Since the 1970s, Martin Duberman has been committed to expanding the focus of gay and lesbian politics, a commitment that draws energy from post-Stonewall organisations such as the Gay Liberation Front and the Gay Activists Alliance. In the intervening years, the US gay movement has shifted away from its leftist roots and transformed itself into a well-funded assimilationist lobbying machine. In Has the Gay Movement Failed?, Duberman analyses this trajectory and argues for a refocusing of the movement’s aims.
The book begins by outlining the arguments that earlier gay and lesbian organisations developed in relation to concepts such as the family, marriage, monogamy, gender, race and class. The author excels in demonstrating how these standpoints, while oppositional to normative US society, created sites of inter-group tensions, spawning debates and disagreements among group members. Duberman also identifies how unconscious bias, far from being a new problem, regularly undermined the inclusive ethos of the movement.
The discussion then turns to a critique of national LGBT organisations (especially the Human Rights Campaign) for investing in single-issue politics and a strategy of assimilation. This focus, Duberman contends, serves the interests of a privileged “gay majority” while ignoring the structural inequality, racism, homophobia and transphobia that pervade the lives of many working-class people. While generally on point, the critique is at times blunted by inaccurate generalisations, as in the discussion of sex offender databases, problematic oversights (for example, the failure to acknowledge peer pressure in the sex lives of young people) and a lack of critical self-reflection.
For instance, midway through his critique of marriage, Duberman “comes out” as married, yet he fails to interrogate the conflicted position that this arguably puts him in. This is not to say that Duberman (or anyone else) cannot get married on account of their politics. But recognising the conflict between the personal and the political provides a valuable opportunity to interrogate the challenges, contradictions and tensions that many of us on the gay left find ourselves negotiating. Arguably, such critical (self-)reflection also offers a space in which to consider the central question that this book needs to ask, but which (like so many others) it shies away from: why the gay movement failed. This question remains unanswered here, and that is a genuine loss because Duberman, of all people, must surely have an informed and politically engaged opinion on the issue.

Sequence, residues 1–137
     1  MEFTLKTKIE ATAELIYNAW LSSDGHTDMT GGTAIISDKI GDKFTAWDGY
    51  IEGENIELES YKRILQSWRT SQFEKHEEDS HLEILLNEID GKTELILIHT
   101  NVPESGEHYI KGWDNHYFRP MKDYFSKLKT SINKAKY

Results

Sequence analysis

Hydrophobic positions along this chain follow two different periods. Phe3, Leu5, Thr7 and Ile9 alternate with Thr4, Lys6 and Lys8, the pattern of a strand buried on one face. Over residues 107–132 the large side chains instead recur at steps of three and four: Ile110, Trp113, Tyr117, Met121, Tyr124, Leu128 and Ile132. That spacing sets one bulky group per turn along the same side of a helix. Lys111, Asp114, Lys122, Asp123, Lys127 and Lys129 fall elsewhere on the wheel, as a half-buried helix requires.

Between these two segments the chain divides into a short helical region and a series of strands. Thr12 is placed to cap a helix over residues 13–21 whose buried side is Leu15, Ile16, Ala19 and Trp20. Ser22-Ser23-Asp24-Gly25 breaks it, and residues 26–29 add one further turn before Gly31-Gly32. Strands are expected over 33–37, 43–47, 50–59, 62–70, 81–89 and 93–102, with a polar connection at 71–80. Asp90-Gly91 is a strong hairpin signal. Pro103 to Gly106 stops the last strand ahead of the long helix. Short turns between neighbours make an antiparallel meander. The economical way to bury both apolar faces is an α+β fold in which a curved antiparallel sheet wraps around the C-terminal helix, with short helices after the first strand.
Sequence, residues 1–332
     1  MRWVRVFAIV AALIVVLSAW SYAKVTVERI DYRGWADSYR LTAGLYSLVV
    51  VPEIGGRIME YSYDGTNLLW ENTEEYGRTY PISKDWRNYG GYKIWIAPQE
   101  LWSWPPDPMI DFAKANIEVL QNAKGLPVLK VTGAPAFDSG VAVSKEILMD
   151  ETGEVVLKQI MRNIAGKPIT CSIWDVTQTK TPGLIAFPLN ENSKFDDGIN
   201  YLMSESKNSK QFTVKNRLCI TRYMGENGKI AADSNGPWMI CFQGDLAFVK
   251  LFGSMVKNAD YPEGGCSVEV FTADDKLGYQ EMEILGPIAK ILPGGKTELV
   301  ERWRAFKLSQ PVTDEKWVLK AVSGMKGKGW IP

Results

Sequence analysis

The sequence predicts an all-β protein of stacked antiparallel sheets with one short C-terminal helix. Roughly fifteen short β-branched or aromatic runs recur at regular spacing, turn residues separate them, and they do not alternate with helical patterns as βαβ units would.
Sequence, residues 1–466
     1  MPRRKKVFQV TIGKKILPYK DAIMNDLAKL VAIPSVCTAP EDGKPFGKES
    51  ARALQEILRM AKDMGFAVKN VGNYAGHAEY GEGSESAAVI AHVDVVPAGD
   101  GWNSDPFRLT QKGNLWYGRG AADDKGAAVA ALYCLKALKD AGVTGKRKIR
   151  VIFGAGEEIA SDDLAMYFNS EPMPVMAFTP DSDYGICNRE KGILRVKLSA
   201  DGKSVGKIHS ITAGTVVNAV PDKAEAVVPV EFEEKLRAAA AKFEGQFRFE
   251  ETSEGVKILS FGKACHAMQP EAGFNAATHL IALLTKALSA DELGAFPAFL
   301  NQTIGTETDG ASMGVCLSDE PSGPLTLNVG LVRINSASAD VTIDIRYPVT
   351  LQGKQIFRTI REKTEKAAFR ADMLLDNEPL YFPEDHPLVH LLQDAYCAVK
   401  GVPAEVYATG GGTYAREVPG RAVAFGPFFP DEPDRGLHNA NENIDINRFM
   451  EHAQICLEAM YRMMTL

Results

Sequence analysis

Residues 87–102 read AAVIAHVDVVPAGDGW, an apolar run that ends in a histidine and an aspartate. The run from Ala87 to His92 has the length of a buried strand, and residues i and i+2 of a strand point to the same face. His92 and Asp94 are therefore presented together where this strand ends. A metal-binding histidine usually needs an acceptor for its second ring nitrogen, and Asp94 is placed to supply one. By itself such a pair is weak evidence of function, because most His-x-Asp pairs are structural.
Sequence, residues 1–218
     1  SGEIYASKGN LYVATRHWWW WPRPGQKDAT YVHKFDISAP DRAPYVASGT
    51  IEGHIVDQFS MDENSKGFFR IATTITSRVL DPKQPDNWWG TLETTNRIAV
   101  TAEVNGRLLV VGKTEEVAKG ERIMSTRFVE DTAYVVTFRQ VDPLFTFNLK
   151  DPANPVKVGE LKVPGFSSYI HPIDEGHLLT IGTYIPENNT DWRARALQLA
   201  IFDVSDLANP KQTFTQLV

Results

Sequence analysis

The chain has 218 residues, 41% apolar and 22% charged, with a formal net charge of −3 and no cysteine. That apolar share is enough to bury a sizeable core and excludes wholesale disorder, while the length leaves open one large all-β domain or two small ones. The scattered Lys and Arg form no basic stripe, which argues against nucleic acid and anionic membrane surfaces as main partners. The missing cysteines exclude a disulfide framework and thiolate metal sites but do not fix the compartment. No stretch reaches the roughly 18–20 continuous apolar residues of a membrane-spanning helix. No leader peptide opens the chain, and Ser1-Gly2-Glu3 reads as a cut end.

Yet Has the Gay Movement Failed? remains a useful reference point that maps the history of the movement before building an argument for broadening the focus of LGBTQ politics. From this perspective, the book’s first and final sections are by far the most useful – and the most convincingly argued. The last section, “Whose Left?”, is Duberman at his finest – insightful, reflexive and critically sharp. Refusing to give up on contemporary organising, or to ignore what has been achieved in the name of the gay movement, he makes a compelling and well-researched argument for (re)connecting with the left today. In doing so, Duberman identifies exactly what is at stake if we continue to focus on ourselves, and allow the left to forget that (some of) us queers are still revolting.
Sharif Mowlabocus is senior lecturer in digital media at the University of Sussex. His current work focuses on queer critiques of assimilationist politics in Western culture.
Has the Gay Movement Failed?
By Martin Duberman
University of California Press
Published 29 June 2018